Law and Business students gain a solid understanding of many key legal issues in the corporate world, including contract negotiations, human resources, policy development and property transactions, as well as areas that are of increasing importance and significance such as corporate social responsibility and corporate governance. Critical thinking and the application of legal knowledge are at the heart of all courses offered in the Law and Business major, providing students with the strongest integration of law and business among all business programs in Canada.
Faculty teaching in the Law and Business program are renowned experts in their areas of study which include: international law, human rights law, privacy, government regulation, environmental law and corporate social responsibility. Students pursuing a business degree in Law benefit from professors who have extensive years of industry experience and strong connections to businesses, governments and NGOs.
Congratulations to our LBSA team who won Best Academic Event at this year's Ted Rogers Student Society's Awards Night (2016-2017). This is awarded to an event that is most relevant to learning done in the classroom.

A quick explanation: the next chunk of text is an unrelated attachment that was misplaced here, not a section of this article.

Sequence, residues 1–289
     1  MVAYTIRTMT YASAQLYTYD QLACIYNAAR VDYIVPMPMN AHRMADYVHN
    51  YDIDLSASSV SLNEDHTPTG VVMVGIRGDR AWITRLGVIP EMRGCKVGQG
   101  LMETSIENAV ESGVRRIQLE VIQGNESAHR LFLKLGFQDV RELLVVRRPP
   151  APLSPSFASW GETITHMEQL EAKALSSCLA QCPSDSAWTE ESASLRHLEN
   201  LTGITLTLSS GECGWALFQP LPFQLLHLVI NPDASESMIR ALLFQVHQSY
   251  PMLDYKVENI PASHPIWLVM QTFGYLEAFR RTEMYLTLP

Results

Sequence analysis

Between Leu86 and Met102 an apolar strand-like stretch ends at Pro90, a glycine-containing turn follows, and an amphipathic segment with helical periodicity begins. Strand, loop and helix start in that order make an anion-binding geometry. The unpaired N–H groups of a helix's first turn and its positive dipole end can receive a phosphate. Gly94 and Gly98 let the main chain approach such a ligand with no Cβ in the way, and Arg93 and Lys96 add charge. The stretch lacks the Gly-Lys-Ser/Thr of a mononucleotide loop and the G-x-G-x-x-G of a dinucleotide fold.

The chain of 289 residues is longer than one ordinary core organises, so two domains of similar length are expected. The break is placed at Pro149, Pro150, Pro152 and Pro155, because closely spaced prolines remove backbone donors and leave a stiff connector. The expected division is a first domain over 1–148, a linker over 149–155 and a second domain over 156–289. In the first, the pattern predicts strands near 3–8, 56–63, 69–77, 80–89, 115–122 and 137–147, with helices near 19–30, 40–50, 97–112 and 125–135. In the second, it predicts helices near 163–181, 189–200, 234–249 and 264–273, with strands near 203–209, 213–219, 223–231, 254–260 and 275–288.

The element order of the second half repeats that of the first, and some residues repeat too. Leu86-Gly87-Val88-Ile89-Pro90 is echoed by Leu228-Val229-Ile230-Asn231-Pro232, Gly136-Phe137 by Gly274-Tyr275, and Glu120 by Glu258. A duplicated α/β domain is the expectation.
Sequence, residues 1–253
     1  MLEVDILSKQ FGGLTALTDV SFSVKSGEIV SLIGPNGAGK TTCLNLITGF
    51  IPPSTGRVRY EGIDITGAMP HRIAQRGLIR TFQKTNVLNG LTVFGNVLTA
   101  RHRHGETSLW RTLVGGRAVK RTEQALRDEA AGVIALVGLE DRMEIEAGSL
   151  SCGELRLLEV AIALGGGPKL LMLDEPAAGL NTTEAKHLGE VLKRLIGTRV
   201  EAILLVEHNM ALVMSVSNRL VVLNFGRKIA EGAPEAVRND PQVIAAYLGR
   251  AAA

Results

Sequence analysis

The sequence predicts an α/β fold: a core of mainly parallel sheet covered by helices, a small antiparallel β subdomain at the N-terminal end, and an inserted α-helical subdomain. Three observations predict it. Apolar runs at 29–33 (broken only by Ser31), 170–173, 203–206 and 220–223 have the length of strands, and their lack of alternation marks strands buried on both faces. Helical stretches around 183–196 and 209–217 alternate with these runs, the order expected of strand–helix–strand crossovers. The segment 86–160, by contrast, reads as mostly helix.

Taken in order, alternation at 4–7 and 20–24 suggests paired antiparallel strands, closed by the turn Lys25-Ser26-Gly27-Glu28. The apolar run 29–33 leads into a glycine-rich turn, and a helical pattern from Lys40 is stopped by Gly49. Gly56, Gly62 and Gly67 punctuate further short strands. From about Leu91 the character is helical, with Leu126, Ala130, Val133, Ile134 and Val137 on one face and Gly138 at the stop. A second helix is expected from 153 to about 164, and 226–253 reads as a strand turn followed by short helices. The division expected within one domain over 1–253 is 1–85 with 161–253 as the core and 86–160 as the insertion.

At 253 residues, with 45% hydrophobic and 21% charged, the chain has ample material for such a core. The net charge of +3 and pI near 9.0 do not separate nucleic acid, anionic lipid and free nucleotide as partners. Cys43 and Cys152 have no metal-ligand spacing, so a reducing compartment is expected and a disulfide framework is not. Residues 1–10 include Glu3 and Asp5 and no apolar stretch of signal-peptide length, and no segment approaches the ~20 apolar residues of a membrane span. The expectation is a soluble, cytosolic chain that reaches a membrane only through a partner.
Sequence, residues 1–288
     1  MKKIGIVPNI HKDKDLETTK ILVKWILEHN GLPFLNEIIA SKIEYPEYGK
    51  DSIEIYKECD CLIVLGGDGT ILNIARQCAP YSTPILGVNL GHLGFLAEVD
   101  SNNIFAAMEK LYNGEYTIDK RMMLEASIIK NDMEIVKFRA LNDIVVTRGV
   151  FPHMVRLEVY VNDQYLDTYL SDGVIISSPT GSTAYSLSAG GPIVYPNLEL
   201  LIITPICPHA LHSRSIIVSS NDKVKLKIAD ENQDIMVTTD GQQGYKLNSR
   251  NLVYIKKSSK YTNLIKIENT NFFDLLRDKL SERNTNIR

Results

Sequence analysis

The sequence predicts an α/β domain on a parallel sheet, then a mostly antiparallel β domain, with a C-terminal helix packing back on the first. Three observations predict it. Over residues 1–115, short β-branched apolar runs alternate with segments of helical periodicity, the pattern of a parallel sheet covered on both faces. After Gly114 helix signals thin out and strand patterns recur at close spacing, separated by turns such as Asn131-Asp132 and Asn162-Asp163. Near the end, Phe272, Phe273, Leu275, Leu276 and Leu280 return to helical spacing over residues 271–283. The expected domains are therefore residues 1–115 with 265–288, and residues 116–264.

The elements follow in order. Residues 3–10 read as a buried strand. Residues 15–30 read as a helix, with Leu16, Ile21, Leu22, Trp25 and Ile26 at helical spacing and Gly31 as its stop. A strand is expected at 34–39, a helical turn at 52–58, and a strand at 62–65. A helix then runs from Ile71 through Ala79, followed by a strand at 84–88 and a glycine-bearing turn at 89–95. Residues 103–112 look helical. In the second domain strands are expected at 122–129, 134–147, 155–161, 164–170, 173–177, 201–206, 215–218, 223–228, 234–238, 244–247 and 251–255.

Abstract: In Bhasin v Hrynew, the Supreme Court of Canada recognized good faith in contractual performance to be a ‘general organizing principle’ of the common law of contract. The true impact of Bhasin on the future development of the Canadian contract law remains the subject of considerable debate among legal scholars and practitioners. This article explores Bhasin’s evolutionary impact on the Canadian common law of contract, by providing an institutional understanding of the general organizing principle of good faith in contractual performance. It is contended that Bhasin’s contribution to the common law of contract is institutional rather than substantive – Bhasin fundamentally alters the organization of the sources of contract law by introducing a new law-making mechanism (that is, ‘law-making through good faith’) that is separate from, and potentially supersedes, the traditional doctrine of precedent. To support the central claim that Bhasin’s contribution is institutional rather than substantive, I employ three different kinds of arguments that correspond to three distinct, but closely related, dimensions of the principle of good faith in contractual performance: (a) semantic structure; (b) historical origins; and (c) economic function. Although these three lines of inquiry rest on quite different methodological premises, they converge in supporting the central idea that good faith performance is best understood as an institutional mechanism to allocate law-making power rather than a substantive legal principle.